Clindamycin for pimples works best when combined with other topical medications. That’s because using clindamycin on its own can lead to antibiotic resistance. No need to worry, though—if clindamycin is right for you, your dermatology provider can prescribe a combination of ingredients like tretinoin (aka Retin-A), azelaic acid, or others, to create your specific care plan. One study looking at a clindamycin and tretinoin routine demonstrated continuous improvement in facial acne over three months, improving the participants’ quality of life. 

One over-the-counter ingredient commonly paired with clindamycin is benzoyl peroxide—both ingredients help control acne-causing bacteria. Benzoyl peroxide has an antibacterial effect specifically against C. acnes, and it also unclogs pores and helps reduce inflammation. Together, clindamycin and benzoyl peroxide make a great team.

Here are some details of products containing this acne-fighting ingredient:

  • Clindamycin topical treatments typically contain formulations at a concentration of 1%.

  • Clindamycin is available as a foam, gel, lotion, swab, and water-based solution. You can also find clindamycin face washes.

  • Topical combination products containing clindamycin include Ziana, Duac, Benzaclin, Acanya, and some personalized prescription formulas from Curology.

Many brands combine clindamycin with benzoyl peroxide. One exception is Ziana, which combines clindamycin with tretinoin, and Curology, which combines clindamycin with other active ingredients selected by one of our licensed in-house dermatology providers to meet your specific skin concerns. 

How to use it

You can use clindamycin once or twice a day, depending on your specific product and its instructions. It’s easy: 

  • Use a gentle cleanser to wash your face. Pat your skin dry using a clean, soft cloth—no rubbing or scrubbing because it can aggravate your skin. 

  • Apply a pea-sized amount of clindamycin lotion or other clindamycin product on your face and neck. Be sure to cover any areas that tend to break out, not just where you’re currently experiencing a breakout.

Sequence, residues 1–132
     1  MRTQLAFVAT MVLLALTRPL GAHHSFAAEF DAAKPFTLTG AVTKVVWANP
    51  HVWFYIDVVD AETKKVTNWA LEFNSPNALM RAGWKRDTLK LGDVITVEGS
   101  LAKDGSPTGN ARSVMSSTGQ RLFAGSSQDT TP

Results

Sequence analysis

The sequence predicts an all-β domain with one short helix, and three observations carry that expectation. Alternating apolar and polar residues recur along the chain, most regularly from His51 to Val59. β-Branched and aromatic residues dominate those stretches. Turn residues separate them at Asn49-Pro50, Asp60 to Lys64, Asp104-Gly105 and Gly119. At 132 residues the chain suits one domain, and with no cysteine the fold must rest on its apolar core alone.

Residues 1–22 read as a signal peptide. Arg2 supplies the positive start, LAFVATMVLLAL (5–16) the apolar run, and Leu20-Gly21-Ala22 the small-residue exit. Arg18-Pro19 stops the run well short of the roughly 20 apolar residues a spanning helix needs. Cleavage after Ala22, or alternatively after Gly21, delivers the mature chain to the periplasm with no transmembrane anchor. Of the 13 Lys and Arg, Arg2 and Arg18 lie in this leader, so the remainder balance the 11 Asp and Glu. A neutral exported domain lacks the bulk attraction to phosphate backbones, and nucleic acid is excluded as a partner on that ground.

• Moisturize using a non-comedogenic facial moisturizer (aka one that doesn’t contain pore-clogging ingredients)—also covering your face and neck. 

That’s it! No need to rinse. Just relax and let the bacteria-busting begin. 

Once you’re fully adjusted to your topical solution, you might consider adding salicylic acid to your routine for additional acne-busting benefits. This ingredient removes dead skin cells to help keep pores unclogged. 

For Curology members, message your dermatology provider with questions about clindamycin—we’re glad to offer guidance!

The side effects of clindamycin

While clindamycin is usually very effective, some people can experience local side effects, especially as their skin adjusts to it. Clindamycin gels may be more irritating than creams because gels often contain alcohol. Other common clindamycin for acne side effects include: 

  • Pruritus (itching)

  • Xeroderma (dryness)

  • Erythema (redness)

  • Burning 

  • Exfoliation

  • Oily skin

Always contact your dermatology provider if you’re worried about these or any other side effects or if you experience serious side effects like stomach pain or diarrhea (which is very rare). If you’re a Curology member, send a message to your provider. We’re always here for you.

By the way, it may not be safe to use clindamycin while pregnant or breastfeeding. That’s because we lack data that it’s safe to use in pregnant humans. Talk to your OBGYN about the best decision for you.

How to Use Tretinoin For Acne and Anti Aging Skincare

Just snap a few selfies and answer some questions about your skin. One of our in-house dermatology providers will evaluate your specific situation. If Curology is right for you, they’ll personalize a prescription formula with a mix of active ingredients for your unique skin concerns.

Your first month of Curology is free—you’ll just pay $4.95 (plus tax) to cover shipping and handling. You can also add any of our recommended products for no extra cost. 

Get your personalized skincare routine with Curology

Get your personalized skincare routine with Curology

curology bottle
curology bottle

Don’t want to bother with the trip to the dermatologist? Meet our dermatology experts online right now. Start your Curology free trial today. 


When can I expect results with clindamycin?

It generally takes around two months to tell if a prescription acne treatment like clindamycin is working.¹² At Curology, many patients see an improvement after 6-8 weeks. But it can take even longer for acne to clear up.